For Altman (1968), there were five factors whose combination effectively discriminated against those firms that had a potential probability of bankruptcy from those that did not. Likewise, the original sample is the same one used for the later modifications of the model; however, the information to be used was different from the projected field of application. While the model below was established for public firms, it was then adapted to fit private firms. 2 The original Z is as follows:

The variables indicated correspond to the descriptions below:

  • X1 : Net Working Capital over Total Assets. It includes a liquidity indicator, showing which portion of the assets is used as a frequent investment for the development of the company’s operations.

  • X2 : Retained earnings over total assets. It acts as a measure of accumulated profitability, presenting what portion of the value of the assets represents the reinvestment of the shareholders.

  • X3 : Earnings before Interest and Taxes on Total Assets. A measure of a company’s productivity that manifests a more accurate result as an outcome of the core business, regardless of financial expenses, taxes, or leverage factors. It is seen as a measure of profitability

  • X4 : Market Value of Equity over Book Value of Total Liabilities. It presents the financing structure of the company, considering how much the level of own resources employed represents against the resources of third parties. It should be noted that the company’s own resources are quantified according to their commercial value for the market.

  • X5 : Sales Over Total Assets. It shows the efficiency of the company in the use of its assets to obtain income. Considered as a measure of profitability.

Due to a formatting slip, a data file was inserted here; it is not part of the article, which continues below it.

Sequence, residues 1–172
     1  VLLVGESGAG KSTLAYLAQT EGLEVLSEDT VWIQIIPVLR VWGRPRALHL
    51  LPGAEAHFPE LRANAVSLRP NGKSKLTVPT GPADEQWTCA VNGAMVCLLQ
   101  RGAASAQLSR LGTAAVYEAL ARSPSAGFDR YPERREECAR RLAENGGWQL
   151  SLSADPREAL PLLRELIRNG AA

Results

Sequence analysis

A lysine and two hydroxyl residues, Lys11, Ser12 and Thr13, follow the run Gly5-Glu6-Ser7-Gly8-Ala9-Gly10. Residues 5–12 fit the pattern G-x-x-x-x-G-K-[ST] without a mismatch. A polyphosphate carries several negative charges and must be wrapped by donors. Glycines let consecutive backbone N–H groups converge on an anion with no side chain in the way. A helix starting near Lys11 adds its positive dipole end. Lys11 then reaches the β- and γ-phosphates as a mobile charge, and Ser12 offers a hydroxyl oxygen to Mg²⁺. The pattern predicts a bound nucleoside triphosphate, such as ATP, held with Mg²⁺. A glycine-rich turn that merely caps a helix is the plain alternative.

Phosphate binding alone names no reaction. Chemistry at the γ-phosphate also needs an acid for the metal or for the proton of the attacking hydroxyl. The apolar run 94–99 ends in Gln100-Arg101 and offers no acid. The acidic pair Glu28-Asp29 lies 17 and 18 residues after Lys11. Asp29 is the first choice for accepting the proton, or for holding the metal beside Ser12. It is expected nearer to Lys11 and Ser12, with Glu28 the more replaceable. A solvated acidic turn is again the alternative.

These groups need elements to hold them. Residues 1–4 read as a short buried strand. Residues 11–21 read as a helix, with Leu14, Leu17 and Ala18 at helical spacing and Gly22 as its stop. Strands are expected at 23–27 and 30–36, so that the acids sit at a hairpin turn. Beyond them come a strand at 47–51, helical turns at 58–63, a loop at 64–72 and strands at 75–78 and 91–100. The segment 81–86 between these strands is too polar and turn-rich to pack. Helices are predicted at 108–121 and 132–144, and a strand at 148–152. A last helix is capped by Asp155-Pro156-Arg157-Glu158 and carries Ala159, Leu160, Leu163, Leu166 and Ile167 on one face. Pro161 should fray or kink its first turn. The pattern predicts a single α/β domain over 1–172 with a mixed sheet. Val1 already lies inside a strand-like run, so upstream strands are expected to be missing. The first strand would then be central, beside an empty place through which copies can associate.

Z rates the results according to two benchmarks (Figure 1). If the result is below 1.80 (distress zone), it will be concluded that the company is susceptible. If, on the other hand, it is between 1.80 and 2.99 (grey zone), it will be considered at a probability of bankruptcy. Finally, if the indicator is greater than 2.99 (safe zone), the possibility of the firm continuing to operate will be high.

Estimated solvency level for public enterprises according to index Z
Figure 1.
Estimated solvency level for public enterprises according to index Z

Source: Adapted from the design of Lizarzaburu (2014)

Although Altman’s method (1968) was limited to public firms, the popularity of his equation, the rise of the empirical characterization of the insolvency risk, and the constant publication of criticisms and suggestions to his study encouraged the periodic diffusion of adjusted Zetas: (1) For public firms adjusted to the book value of the Patrimony and (2) For public firms or private industrial manufacturing or nonmanufacturing firms. The first adjustment is as follows:

In contrast to the original model, it has the advantage of being applicable to emerging markets. It also gives users the chance to extract the value of assets directly from the financial statements:

  • X1 : Net Working Capital over Total Assets

  • X2 : Retained earnings over total assets

  • X3 : Earnings Before Interest and Taxes on Total Assets